Words are magical things. They are soothing, inviting, seductive, infuriating, insulting, and more. They can wound or heal; entice or repel; confuse or clarify; amuse or sadden. I love words. I do not obsess over them but I enjoy them. I like learning new words but I try to avoid using them to impress. Some others do not, they think it makes them appear sophisticated and educated. In other words, appear to be something they fear they aren't.
But words do not stand alone. Someone must speak or write them to bring their power to bear. They must be joined in such a way as to make them memorable or, I feel, they are wasted. And they must be used with the listener/reader in mind. Talking over someone's head will not endear you to that person. Not to mention that words, uttered at the wrong time or in he wrong place, can get you into trouble.
Oral communication is only partly dependent upon words, the majority of context is in body language, gesture, facial expression, and voice (tone and emphasis). These non-verbal communication factors are not available in the printed word. That makes communication very difficult for people who write for a living, or even for pleasure (as we bloggers do). Yet, throughout the ages the written word has sustained and advanced civilization. We study the writings of ancient civilizations intently; we immortalize the utterings of great men; we revere books and plays written hundreds of years ago. All of this without the physical manifestations needed in face to face communications. I think we are able to do this because these writings transcend that need. These men (and women) are wordsmiths.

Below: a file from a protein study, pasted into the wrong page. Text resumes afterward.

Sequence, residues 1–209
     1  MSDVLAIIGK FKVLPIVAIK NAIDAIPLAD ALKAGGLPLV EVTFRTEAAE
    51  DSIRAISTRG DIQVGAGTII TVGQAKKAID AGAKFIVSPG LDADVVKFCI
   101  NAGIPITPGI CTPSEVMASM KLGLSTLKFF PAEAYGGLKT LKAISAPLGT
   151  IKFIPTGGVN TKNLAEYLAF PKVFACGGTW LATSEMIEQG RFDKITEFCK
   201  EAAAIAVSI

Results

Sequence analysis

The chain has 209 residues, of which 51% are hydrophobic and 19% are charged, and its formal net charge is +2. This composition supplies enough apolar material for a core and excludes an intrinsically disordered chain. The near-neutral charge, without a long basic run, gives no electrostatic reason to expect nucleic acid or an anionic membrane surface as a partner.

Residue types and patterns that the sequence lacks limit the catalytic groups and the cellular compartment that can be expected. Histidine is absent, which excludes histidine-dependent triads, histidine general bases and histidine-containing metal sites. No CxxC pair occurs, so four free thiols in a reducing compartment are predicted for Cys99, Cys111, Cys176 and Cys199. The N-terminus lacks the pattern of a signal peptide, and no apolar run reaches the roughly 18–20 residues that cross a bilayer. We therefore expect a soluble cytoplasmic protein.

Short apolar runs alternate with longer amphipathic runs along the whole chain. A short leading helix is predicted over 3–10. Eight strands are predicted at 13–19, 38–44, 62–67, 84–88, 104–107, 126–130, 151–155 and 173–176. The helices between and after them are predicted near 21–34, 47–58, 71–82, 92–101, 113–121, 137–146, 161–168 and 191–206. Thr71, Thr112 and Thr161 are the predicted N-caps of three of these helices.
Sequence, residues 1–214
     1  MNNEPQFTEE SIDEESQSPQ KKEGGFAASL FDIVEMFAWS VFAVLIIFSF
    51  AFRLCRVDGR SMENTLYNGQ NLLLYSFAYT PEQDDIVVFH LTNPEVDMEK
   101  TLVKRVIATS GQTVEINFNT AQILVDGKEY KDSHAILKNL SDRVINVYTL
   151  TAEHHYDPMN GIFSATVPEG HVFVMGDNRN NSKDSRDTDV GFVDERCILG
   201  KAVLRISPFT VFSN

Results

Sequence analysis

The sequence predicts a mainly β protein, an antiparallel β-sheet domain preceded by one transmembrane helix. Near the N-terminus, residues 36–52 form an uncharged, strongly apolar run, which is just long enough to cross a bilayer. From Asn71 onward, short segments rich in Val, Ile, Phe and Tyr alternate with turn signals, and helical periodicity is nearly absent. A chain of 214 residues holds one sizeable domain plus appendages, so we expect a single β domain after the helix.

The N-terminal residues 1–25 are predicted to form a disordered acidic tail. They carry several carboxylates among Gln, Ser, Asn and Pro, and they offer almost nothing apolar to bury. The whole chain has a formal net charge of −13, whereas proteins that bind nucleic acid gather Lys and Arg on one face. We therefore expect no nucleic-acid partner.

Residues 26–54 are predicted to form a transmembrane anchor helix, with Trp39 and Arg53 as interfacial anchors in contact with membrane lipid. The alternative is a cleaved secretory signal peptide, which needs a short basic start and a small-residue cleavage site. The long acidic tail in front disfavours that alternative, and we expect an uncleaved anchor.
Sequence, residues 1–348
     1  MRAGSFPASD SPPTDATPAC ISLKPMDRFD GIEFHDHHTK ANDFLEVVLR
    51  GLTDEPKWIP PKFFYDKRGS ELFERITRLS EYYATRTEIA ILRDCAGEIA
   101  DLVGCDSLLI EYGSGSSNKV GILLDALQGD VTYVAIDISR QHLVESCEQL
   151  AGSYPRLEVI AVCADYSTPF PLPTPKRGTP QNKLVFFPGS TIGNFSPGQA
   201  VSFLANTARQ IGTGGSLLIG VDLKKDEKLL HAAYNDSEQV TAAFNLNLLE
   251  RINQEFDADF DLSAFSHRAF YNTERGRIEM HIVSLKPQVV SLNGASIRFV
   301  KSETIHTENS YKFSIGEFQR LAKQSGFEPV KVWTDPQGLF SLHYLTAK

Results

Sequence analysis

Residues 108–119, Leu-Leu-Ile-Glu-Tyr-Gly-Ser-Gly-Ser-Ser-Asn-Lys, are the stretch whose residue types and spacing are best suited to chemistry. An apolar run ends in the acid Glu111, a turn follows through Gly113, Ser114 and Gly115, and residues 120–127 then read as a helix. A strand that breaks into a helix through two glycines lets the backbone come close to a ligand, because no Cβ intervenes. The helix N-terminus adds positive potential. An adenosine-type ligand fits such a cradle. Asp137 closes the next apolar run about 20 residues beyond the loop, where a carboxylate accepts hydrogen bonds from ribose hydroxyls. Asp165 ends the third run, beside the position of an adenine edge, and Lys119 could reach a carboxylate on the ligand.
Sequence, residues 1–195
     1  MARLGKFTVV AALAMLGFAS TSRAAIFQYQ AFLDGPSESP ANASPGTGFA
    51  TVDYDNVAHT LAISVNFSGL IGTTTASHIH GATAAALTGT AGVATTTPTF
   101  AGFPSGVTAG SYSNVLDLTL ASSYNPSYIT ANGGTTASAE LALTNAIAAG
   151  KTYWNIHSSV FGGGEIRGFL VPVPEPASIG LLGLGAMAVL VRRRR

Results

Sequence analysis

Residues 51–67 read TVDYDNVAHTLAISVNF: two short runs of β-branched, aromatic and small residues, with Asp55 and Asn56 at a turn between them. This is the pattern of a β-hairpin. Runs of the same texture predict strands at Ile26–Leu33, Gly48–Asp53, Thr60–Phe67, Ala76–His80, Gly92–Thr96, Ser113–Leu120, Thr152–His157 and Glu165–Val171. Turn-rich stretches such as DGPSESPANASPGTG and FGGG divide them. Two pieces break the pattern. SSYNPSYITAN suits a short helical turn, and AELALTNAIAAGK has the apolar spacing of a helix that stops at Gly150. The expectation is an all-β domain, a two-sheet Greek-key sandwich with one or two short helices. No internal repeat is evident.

Shakespeare is, to me, the greatest of wordsmiths. He transcends the ages with his wit and perception of the human condition. Aristotle and Plato are the great teachers, while Aesop the best in the art of expressing common sense and moral virtue. But there are so many worthy rivals to these that it would be impossible to be fair and list them all. I have no favorite style, genre, or discipline in writers. I have found joy in a vast array of works from the past and present.
One of the questions in the profile we make up as we create our blogs, is "Favorite books". I listed no one book, just various genres. That's because I am fickle; the book I am reading at the moment is likely to be my favorite, whatever it is. I rarely reread a book. When I do, the book is undoubtedly special. At least for me. It is usually one in which I strongly identify with a main character. Perhaps that's why the question is important to a profile; it reveals something important about the person.
Though I cannot list it as my favorite, I want to recommend a book that I have read more than once. It has been many years since I read it and my memories of it are vague. It was introduced to me by a man I met while in the Navy. This man, no more than 6 months older than I, mentored me. In his struggles with authority and the burden of his great intelligence, Herb Jahnke reached out to me as a friend and taught me much about how to view the world around me. He gave me this book not long after we met and we discussed it more than a few times in the year that we were shipmates.
It came back to me because of a blog post I read this morning, a blog post that triggered many thoughts as the blogger often does for me. The blog site is
"THE VIEW FROM OUTSIDE MY TINY WINDOW" and the post Number 66b
The book Herb gave me is "The Painted Bird" by Jerzy Kosiński. It's a story about a young boy lost and alone in Poland and Eastern Europe while World War II ravages the countryside.
A Night Unremembered
2 years ago